How Shivalik Mercantile Bank invented Jan Dhan banking
Shivalik Mercantile has 25 branches in Uttar Pradesh and in several states across the country. The RBI has certified Shivalik as a multi-state cooperative bank.
Not many people know that the Jan Dhan (people’s wealth) scheme, the pride of Prime Minister Narendra’s Modi financial inclusion drive, was launched two decades ago by a cooperative bank in Saharanpur, Uttar Pradesh. Their aim was no different from Modi’s: to draw the rural populace into the banking system.
While its new incarnation has used shock tactics like demonetisation and Aadhaar with questionable results, the original Jan Dhan has enrolled and benefitted lakhs of rural folk using just the quality of its services as advertisement.
Back in 1998, India was still coming to terms with the new economic reforms. Industry had seen controls dismantled and was beginning to feel the impact of foreign competition. Banking remained the preserve of the state, although the first private banks, with their marked customer focus, had begun to make their presence felt in the big cities.
It made a dynamic engineer, working with Hindustan Aeronautics in Bangalore, wonder why India’s rural poor couldn’t access similar high-quality banking services. When Yashvir Gupta floated the idea of starting a cooperative bank, his family and friends were not amused.
250,000 accounts with his bank today
But Gupta, born in the small hamlet of Ambehta in Saharanpur district, was not easily discouraged. He quit his well-paid job and, with the help of some well-wishers, set up Shivalik Mercantile Cooperative Bank on September 5, 1998. The bank initially operated from the garage of his home on Ansari Road and it was here that the idea of Jan Dhan germinated.
Gupta’s objective was to help connect poor villagers to banking services and to create awareness about the value of saving. He organised a small team of volunteers who reached out to villagers on Saharanpur’s periphery. The awareness campaign was extraordinarily successful. Since there was no ‘minimum balance’ required, villagers could open an account with just one rupee. Soon hundreds of villagers, who’d never been inside a bank, had become account holders with Shivalik.
Once the Ansari Road pilot project began to show results Shivalik took wings and, in 2002, the bank’s first branch opened in Gangoh town. Another followed in Haqiqat Nagar in Saharanpur, above which the bank’s administrative offices were set up.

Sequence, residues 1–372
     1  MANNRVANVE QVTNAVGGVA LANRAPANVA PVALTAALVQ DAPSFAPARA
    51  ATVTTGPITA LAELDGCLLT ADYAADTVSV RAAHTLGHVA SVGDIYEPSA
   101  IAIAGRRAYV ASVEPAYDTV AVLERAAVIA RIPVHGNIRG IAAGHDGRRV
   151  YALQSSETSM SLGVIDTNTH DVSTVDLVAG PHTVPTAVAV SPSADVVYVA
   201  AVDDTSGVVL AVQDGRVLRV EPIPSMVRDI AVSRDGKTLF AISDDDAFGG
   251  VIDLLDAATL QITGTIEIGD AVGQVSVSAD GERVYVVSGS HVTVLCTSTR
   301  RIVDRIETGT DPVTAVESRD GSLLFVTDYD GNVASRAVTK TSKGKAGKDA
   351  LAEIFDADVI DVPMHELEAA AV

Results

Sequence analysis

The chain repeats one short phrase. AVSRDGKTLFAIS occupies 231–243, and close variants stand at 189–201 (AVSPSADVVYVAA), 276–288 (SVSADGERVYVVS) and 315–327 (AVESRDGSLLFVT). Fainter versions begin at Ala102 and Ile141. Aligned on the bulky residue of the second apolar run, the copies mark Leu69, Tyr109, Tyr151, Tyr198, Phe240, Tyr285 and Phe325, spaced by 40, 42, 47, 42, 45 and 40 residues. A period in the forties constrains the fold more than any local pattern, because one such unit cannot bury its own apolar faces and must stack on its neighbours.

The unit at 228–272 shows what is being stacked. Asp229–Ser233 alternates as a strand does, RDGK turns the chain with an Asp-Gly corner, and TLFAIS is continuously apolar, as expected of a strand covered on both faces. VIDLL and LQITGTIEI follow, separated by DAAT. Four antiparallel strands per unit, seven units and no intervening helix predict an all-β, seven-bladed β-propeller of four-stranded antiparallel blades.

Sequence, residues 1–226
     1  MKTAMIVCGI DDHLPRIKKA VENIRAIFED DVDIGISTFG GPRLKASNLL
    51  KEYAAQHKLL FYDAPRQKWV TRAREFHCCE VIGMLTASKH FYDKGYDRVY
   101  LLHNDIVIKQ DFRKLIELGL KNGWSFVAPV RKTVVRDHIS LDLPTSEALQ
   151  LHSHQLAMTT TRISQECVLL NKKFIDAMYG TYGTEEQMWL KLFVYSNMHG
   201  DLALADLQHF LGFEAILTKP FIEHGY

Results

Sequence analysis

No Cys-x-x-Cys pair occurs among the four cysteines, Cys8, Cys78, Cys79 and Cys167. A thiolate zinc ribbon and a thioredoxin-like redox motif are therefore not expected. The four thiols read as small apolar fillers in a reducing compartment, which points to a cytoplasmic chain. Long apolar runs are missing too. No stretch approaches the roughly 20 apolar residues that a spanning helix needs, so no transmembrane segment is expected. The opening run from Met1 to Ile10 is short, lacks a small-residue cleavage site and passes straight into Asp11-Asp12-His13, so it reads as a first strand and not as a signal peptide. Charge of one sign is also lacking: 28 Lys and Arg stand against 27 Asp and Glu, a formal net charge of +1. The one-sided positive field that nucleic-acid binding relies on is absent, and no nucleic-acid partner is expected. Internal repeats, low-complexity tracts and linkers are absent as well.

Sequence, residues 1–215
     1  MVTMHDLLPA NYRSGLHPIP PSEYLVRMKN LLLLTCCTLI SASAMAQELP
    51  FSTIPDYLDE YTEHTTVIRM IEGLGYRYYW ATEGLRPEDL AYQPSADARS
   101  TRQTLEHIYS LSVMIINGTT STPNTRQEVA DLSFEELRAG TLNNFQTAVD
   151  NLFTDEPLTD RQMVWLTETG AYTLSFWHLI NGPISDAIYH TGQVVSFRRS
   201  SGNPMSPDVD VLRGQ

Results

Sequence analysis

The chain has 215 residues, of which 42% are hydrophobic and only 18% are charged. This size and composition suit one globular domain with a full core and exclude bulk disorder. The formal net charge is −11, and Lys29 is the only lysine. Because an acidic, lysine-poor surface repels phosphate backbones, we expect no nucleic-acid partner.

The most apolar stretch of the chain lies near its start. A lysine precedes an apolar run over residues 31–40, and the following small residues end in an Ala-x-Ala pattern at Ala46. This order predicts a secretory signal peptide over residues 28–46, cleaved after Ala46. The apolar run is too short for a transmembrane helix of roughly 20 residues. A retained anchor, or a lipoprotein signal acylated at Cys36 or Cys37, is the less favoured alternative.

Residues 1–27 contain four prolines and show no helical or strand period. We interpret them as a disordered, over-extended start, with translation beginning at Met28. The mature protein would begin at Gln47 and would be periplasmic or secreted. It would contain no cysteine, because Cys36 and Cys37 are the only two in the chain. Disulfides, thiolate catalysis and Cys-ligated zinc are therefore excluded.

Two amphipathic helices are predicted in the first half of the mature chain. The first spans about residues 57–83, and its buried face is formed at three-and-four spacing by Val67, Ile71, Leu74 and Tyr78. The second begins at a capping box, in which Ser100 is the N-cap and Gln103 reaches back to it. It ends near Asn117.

Currently, Shivalik has 25 branches in Uttar Pradesh, including two in Lucknow, and in several states across the country. The Reserve Bank of India (RBI) has certified Shivalik as a multi-state cooperative bank.
Shivalik is among the fastest growing banks in Madhya Pradesh, with branches in Indore, Dhar, and Khargaon. In keeping with the times, Shivalik swiftly set up ATMs and cash-deposit machines at all its branches much before other banks did. Today, with over 250,000 account holders, Shivalik is among the most aggressive cooperative banks in the country.
The total deposit held by the bank has gone up from Rs 381.98 lakh in 2000 to Rs 916.97 crore in 2017 and the net profit has risen from Rs 3.74 lakh to Rs 10.02 crore between the same period. In 2017, Shivalik Mercantile Bank’s total business was worth Rs 1,467 crore.
Staff trained to bank economic last mile
Shivalik Bank’s CEO & managing director Suveer Kumar Gupta, too, is an engineer who quit a well-paid job with Tata Consultancy Services to help Yashvir Gupta run banking operations. Suveer says the bank is planning to open branches in Dehradun and Haridwar and one more in Delhi this year. Though a cooperative bank in structure, Shivalik functions on the lines of public and private banks.
To serve its poorest customers, those classified by the government as being ‘below the poverty line’ (BPL), the bank has formed 8,000 groups, each with 15-20 women, to which it provides loans without any surety. Suveer said the bank operates 350 micro ATMs, which the staff take to remote villages to open accounts and to provide deposit and withdrawal facilities to account holders.
Shivalik Bank’s ATMs never run dry, claims Suveer, pointing out that when banks have remained closed for four or five days in a row due to holidays, Shivalik’s staff have replenished their ATMs with cash.
Shivalik Bank prides itself on its staff-selection process, which it describes as “fully transparent” and one that adheres to the norms and guidelines set by the RBI. The bank has over 400 employees, mostly young men and women, trained to cater to the needs of often illiterate, rural customers and to deal with their problems as they arise.
According to Suveer, in association with Life Insurance Corporation of India (LIC), Bajaj Allianz, ICICI Lombard, HDFC Insurance and Oriental Insurance, Shivalik also offers a variety of insurance products tailored to his customers’ needs and budgets.
Through its banking services, Shivalik has done so much to transform the lives of India’s poor. But chairman Yashvir Gupta believes in doing more direct social and philanthropic work and as far away as possible from the media glare.
He has established a girls’ school in his paternal village Ambehta, built a waiting hall at the bus stand for the benefit of travelers and even donated land to the police department to improve security for the local populace. This is just one more way Yashvir has found of returning the peoples’ wealth to the people.
(Mahesh Kumar is a Saharanpur-based freelance writer and a member of 101Reporters.com, a pan-India network of grassroots reporters.)
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